3 Reasons Why You Should Finally Follow Through on Your New Year’s Resolution to Create an Estate Plan.

Estate planning is on many people’s to-do lists, but it is often postponed in favor of tasks that seem more rewarding. No one wants to contemplate their own mortality, but estate planning brings peace of mind. It can put worries to rest about what happens to you or your children in the event of unforeseen circumstances. 

Is An Estate Plan Just About Money? 

One reason people shy away from estate planning is that they believe it is just for the wealthy. An estate plan covers much more than just money. It specifies what happens to you if you are sick and need someone to make medical or financial decisions on your behalf. It also protects people you care about.

 If you need some incentives to make estate planning your new year’s resolution, here are four good reasons why making an estate plan will bring peace of mind in the New Year.

1.An Estate Plan Can Protect People You Love

If you have minor children, you should nominate a guardian for your children in your Will. Most people are fortunate enough never to have to rely on these documents, but it could be the most important decision you will ever make. Wills and Trusts can also look after your children financially when you have passed away. Especially for people who have children who are minors, or who have any family members who are sick, making an estate plan is an important way of protecting the people you love. A proper estate plan and the use of trusts can help you avoid probate as well and save your estate thousands of dollars and save your family many headaches. 

2. An Estate Plan Can Specify How Your Affairs Are Managed if You Are Sick 

An estate plan usually consists of multiple documents that plan for your incapacity following an accident or illness. These documents make it possible for someone to attend to your personal business and affairs while you are incapacitated. 

The Durable Power of Attorney, Health Care Proxy and Living Will are three of the most common documents used to manage affairs in the event of an accident or illness.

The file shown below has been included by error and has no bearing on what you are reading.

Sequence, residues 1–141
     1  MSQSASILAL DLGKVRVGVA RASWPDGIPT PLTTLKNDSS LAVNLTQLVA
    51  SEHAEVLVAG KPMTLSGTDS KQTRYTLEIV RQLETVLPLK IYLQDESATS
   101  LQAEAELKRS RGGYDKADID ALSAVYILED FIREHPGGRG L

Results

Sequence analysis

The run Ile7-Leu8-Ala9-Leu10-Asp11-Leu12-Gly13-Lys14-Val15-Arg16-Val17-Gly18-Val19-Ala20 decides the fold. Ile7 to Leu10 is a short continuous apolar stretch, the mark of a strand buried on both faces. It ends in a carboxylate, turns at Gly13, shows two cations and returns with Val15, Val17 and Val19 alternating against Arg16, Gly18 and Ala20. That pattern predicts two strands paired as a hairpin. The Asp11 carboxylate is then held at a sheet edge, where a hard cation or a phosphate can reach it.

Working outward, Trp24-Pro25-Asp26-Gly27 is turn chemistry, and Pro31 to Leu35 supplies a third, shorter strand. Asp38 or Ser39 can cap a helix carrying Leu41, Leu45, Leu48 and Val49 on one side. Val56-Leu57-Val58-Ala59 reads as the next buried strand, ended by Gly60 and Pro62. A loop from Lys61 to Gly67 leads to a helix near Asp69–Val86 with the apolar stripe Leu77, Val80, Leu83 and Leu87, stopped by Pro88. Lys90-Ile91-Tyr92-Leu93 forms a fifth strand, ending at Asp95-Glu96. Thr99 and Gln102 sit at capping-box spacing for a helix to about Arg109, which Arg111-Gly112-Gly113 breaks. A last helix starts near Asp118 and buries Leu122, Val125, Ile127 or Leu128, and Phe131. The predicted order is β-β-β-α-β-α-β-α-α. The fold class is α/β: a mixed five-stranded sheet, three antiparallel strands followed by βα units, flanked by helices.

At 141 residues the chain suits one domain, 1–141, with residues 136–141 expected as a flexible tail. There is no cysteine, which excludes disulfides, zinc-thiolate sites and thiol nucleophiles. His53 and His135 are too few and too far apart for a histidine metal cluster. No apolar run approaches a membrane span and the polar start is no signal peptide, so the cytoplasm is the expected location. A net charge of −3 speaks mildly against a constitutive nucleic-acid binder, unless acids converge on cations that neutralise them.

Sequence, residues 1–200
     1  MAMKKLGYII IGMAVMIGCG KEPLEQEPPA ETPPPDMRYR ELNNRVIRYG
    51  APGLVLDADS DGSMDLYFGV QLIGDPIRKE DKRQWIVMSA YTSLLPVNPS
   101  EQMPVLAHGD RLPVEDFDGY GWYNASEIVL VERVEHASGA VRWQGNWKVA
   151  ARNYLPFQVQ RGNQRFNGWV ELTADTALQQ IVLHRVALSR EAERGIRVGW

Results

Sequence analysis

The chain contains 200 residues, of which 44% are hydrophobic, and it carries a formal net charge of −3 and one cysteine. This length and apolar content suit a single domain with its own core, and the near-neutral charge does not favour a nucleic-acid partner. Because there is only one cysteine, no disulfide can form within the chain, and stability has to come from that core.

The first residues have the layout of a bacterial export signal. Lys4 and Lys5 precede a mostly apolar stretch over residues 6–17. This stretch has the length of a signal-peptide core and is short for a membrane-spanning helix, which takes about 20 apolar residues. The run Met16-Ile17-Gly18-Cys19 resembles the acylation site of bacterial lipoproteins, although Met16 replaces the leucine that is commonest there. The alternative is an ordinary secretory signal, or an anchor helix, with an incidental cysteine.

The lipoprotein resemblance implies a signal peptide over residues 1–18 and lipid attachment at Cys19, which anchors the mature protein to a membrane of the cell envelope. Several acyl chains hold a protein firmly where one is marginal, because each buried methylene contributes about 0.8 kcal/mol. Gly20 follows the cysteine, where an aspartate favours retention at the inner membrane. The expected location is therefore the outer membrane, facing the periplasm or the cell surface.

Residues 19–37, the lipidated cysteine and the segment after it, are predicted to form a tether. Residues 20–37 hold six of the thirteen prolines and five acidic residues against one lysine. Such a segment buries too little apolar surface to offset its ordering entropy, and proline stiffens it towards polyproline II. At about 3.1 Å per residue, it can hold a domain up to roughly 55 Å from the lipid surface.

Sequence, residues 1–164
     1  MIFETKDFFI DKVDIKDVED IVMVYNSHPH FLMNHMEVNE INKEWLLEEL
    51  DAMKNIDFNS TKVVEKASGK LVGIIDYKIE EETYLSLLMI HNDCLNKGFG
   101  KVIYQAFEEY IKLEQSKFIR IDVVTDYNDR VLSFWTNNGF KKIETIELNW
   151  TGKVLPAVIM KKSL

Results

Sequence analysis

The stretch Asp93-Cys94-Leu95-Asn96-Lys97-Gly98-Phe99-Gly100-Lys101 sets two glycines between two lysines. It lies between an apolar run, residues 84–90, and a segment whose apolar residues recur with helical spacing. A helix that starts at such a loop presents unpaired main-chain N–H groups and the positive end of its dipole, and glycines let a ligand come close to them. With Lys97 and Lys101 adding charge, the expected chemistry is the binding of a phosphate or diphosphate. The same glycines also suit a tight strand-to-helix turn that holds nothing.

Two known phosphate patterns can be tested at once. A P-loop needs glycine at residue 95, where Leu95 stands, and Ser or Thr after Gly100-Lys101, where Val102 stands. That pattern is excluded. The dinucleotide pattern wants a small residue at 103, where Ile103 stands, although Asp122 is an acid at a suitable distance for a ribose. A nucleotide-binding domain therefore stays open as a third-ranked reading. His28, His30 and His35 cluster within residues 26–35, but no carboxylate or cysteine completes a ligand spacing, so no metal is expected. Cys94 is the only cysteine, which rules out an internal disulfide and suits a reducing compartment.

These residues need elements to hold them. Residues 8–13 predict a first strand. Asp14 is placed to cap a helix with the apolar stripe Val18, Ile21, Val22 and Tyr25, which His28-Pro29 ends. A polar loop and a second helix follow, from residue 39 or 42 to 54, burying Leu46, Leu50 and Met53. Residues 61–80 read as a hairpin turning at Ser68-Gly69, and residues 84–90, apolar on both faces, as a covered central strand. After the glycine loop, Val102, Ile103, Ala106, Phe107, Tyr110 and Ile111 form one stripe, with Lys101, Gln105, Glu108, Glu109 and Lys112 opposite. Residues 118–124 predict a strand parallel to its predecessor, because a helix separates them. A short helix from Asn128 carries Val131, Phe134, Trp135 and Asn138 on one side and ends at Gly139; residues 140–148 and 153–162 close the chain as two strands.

The Durable Power of Attorney permits someone you trust to conduct your personal business affairs (such as banking, paying your bills, filing taxes, for example) if you are unable to do so. It avoids the hassle and the risk and costs associated with the probate process. If you have not made a Durable Power of Attorney, someone must go to court to appoint a person to look after your affairs. These legal proceedings are time consuming, costly, and most importantly, you have no choice about who oversees your affairs. 

 Your Health Care Proxy is a document that appoints someone you trust to make medical decisions for you when you cannot make these decisions. It is designed for situations where there is a sudden accident requiring timely medical decisions or in situations where a parties mental or physical health are getting worse. 

Your Living Will is the third common document that states a person’s preferences for end-of-life care and treatment. It can help guide your loved ones if there is a question about whether a person should receive extraordinary life sustaining measures or palliative care. 

3. An Estate Plan after a Divorce:  One occasion when you should have an estate plan created or updated, is after you get a divorce. At our Family Law and Estate Planning Center, we often work with people getting a divorce who have a Last Will and Testament and other estate planning documents with language dictating that their Ex-spouse is entitled to the other spouse’s assets. More important, the Ex-spouse may have your power of attorney or be your medical agent in your health care proxy. Most people want to avoid this situation, and to do that your estate plan must be revised or re-done. In another scenario, if you are divorced and get remarried, your money could automatically go to your new spouse, but you may want it to go to your children from our previous marriage, as well. There are elective share statutes in most states that deal with this issue when there is no estate plan, but it is always better to make your own decisions through your estate plan that comport with state statutes. 

Your estate plan can also help exclude assets from the probate process. Trusts are a more complex instrument than a Will. They are designed to convey property to beneficiaries and avoid the probate. They can also help to grow your wealth as part of your overall financial planning strategy.

Estate planning is necessary for everyone who is over eighteen, whether you have significant assets or not. At Amaral & Associates P.C. we offer a sensible approach which addresses your specific needs during your current stage of life and beyond. The Family Law and Estate Planning Center can also provide referrals to our network of experts including financial planners, and tax experts. We strongly recommend that you do not put off your estate planning for another year. This is particularly important regardless of if you are sick, getting a divorce and/or have minor children, or if you are getting older. If you are ready to make estate planning your new year’s resolution, please call us at (617)539-1010, ext. 111 or email us  to set-up a consultation at edamaral@amarallaw.com . 

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